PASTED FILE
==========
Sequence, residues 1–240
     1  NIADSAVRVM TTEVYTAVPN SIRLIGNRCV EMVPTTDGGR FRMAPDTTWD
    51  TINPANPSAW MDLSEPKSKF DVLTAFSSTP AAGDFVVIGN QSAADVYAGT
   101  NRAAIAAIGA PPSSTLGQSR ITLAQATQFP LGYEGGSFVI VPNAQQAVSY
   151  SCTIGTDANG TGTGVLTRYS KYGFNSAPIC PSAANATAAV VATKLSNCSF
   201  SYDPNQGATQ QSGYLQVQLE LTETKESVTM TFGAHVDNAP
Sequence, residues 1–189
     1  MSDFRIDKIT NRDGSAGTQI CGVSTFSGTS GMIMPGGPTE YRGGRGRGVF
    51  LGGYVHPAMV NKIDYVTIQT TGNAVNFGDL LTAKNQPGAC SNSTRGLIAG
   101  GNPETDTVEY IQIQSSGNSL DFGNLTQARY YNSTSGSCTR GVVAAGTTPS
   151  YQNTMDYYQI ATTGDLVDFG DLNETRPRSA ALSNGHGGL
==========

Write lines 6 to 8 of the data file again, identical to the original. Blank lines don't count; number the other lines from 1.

   201  SYDPNQGATQ QSGYLQVQLE LTETKESVTM TFGAHVDNAP
Sequence, residues 1–189
     1  MSDFRIDKIT NRDGSAGTQI CGVSTFSGTS GMIMPGGPTE YRGGRGRGVF